None of us can draw/paint! Although Dorothea Alice (Aunty Peta to everyone) was pretty good. F. was the talk of the family for many years.
    Great Granson C. Currently in Sri Lankawhere he has been for many years off and on and is recovering from Buddhism and other religious miscalculations. Honor has a load of photos and news clips and maybe more and would probably be thrilled to copy them to anyone who needs them.

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    1. Hi Chris
      What a surprise! I'm still around and still writing :) I remember you were into photography in quite a big way once? And very fond of Petey. Who is great grandson C.? Not yours surely?
      See my other reply today for a bit more news.
      Gay Rose (nee Lewis/nee Fissi)

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  3. Sophie Did have two daughters...one was called Honour and the other was called June.. I know this because June was my mother..

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    1. And I remember how fond of June my mother, Peta, was and how very, very sad she was when she died. Never knew there were so many of June's offspring still around locally - and I'm sure it was earlier that poor June (my cousin) died than Chris Adair says? Know she had cancer which came through to me, eventually, and then to my niece Clare. We, with the advances made, are the lucky ones. Any time you want to chat send email to rosec63@hotmail.co.uk which is my web email. Don't do facebook etc., so a bit 'out of touch' maybe ;) But husband and I wrote so much about Grandfather and, of course, he has other great grandchildren! Anyone know where Jane and David went in their caravan b.t.w.?
      Had a Xmas Card all ready to send them around 3 years back and received one saying they were taking off for pastures new. Loved that kid - she was very special to us all - especially Mum before she died in 2002.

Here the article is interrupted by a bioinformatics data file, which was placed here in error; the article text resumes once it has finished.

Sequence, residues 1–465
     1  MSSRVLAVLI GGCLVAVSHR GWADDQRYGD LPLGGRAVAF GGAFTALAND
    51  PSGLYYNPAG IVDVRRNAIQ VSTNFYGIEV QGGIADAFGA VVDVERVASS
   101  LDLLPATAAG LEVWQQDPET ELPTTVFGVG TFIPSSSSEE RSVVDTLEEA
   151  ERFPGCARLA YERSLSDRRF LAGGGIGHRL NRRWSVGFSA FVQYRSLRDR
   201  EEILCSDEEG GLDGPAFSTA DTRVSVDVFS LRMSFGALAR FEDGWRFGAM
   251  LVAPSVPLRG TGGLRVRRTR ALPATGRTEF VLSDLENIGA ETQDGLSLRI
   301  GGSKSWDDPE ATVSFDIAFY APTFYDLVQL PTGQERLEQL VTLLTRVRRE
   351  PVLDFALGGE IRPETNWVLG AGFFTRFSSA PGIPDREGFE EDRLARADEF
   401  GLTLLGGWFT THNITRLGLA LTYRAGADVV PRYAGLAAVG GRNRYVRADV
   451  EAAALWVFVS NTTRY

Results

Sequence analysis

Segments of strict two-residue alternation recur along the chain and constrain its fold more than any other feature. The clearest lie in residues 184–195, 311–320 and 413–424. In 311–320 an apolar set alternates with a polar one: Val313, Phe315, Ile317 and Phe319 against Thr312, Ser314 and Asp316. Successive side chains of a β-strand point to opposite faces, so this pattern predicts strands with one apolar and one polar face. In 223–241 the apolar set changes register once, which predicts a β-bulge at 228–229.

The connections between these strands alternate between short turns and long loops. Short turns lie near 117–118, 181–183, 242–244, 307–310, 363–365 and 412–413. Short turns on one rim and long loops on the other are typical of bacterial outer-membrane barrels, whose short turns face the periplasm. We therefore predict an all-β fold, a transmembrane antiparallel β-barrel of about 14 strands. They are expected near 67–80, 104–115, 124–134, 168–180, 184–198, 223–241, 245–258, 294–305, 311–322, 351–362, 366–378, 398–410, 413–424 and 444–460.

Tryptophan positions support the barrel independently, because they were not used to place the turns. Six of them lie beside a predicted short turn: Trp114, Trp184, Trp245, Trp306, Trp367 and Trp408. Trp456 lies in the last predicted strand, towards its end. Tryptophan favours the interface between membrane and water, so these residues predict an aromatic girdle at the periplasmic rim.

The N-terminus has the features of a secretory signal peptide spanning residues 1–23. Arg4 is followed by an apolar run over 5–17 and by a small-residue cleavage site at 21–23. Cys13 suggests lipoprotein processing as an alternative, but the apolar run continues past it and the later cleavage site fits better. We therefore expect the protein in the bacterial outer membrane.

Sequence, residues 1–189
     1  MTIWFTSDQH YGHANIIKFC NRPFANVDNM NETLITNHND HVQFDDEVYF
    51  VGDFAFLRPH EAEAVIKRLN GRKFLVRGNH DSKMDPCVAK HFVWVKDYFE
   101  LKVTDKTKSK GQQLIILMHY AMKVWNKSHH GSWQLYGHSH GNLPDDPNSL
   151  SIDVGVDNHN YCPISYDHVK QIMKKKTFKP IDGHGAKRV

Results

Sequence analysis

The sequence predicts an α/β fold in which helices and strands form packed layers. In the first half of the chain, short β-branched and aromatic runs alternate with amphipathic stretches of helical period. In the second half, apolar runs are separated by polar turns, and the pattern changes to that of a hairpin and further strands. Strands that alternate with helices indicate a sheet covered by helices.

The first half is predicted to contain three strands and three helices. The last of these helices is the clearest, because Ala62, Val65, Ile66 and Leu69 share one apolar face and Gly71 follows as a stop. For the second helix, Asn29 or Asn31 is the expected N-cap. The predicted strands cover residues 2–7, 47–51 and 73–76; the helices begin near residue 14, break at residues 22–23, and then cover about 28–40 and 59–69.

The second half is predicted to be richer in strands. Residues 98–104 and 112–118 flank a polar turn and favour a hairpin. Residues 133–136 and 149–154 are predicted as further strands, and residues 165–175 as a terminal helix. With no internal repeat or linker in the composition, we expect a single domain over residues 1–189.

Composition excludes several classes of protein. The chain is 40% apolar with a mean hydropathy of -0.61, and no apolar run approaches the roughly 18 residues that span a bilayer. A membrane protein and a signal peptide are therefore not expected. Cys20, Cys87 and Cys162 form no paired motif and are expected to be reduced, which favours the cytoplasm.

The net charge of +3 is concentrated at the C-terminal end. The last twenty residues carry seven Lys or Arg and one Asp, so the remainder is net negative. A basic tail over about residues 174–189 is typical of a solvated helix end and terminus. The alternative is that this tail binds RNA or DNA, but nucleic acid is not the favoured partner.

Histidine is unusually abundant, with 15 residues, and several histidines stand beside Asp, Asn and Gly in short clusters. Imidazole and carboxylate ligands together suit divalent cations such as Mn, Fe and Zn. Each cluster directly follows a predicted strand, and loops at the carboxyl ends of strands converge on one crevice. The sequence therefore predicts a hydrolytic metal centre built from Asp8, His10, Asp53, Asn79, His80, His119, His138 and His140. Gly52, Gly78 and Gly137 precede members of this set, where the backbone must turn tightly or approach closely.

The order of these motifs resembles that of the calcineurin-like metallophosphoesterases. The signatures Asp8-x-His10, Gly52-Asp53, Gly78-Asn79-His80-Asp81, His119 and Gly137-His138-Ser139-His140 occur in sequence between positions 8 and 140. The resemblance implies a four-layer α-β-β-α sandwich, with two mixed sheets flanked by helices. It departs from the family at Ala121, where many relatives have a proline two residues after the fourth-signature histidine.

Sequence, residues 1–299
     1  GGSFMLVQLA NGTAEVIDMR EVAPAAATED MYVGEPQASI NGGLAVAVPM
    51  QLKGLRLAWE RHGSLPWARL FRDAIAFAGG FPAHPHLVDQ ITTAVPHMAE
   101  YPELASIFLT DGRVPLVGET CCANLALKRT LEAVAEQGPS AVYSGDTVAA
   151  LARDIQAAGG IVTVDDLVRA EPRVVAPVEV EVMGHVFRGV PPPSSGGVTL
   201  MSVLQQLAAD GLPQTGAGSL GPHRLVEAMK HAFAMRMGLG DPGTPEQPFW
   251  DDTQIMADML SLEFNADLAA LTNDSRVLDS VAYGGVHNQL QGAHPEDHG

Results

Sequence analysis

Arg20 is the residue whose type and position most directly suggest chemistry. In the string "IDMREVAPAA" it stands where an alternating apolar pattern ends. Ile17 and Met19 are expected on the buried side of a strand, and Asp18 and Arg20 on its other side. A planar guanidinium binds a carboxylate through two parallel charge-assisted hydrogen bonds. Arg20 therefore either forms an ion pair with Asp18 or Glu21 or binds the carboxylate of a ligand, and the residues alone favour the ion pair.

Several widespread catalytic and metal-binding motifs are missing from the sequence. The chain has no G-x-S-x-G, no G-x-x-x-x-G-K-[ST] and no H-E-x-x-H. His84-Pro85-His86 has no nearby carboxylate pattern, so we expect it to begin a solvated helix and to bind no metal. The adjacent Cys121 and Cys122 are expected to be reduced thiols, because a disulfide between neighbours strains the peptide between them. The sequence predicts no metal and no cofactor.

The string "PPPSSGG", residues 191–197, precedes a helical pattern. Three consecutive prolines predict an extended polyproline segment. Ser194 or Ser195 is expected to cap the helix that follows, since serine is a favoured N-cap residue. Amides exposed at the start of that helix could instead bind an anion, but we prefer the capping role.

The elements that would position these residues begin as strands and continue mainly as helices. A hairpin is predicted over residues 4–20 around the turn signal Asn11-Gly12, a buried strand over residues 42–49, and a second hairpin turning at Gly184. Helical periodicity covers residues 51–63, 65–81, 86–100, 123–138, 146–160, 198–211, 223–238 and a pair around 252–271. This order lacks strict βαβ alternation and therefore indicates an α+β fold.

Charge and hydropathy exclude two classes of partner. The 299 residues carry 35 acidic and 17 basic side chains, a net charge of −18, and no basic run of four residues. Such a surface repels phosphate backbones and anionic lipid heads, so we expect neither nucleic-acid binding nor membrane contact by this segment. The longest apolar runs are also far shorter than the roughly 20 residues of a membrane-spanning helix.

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  4. Thanks John (Adcock) for this website.

    I am setting up a website for all of us who are related to Ferdinand Fissi and would be most grateful to hear from other relatives.

    Especially Eddie.

    Please email ferdinandfissi@gmail.com

    Thanks

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    1. Hello
      I am Ferdinand Fissi's grand-daughter - Gay -youngest daughter of his daughter Petey - (real name Dorothea Alice) as mentioned by Chris Adair. His elder grand-daughter, my sister Carole, has many of Fissi's original paintings and much of his black and white work can be seen at Beauleau Abbey where his work is much admired and studied still by many architects. My husband, Chris, and I wrote a book on Fissi's life for my mother for her 80th birthday and this is where most of the photos and information come from! I also had a story published in Family Tree called "the most amazing man we never met". It's certainly good to hear some of the family are still around ;)

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  5. Hi, Fissi did do some illustration in Canada: I have located fiction illustrated by him in June 1932 Canadian Home Journal. Check out the Canadian Illustrators Index for more info on Canadian Illustrators: http://canadianillustrators.wikidot.com/

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  6. Thanks Jaleen. Let me mention here that Jaleen Grove has a great website on pulp illustrator Walter Haskell Hinton at >

    http://www.walterhaskellhinton.com/

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  7. My wife, Clare Lendrem (great grand-daughter of Ferdinand Fissi) has a pretty complete family tree with lots of photographs on the ancestry website.

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    1. I have some of F's paintings and some press cuttings maybe also obtainable. If you or Carol or Gay want them, and if I can get them out of store.

      I use this email: divertadAThotmailDotcom . Gay knows me. Where is the website?

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    2. Ancestry.co.uk (search for Ferdinand fermo fissi in family trees)

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  8. June actully did have nine children three daughters that sadly all died within there first year of life. and the six sons are.... Ray,Ian,Bob,Eddie, Neal And Nigel. Ian has since passed away as well. But all the others are alive and living in Essex. All with children of thier own. and granchildren...

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  9. Eddie, Junes son has a tattoo studio on southend seafront and draws and tattoos daily ....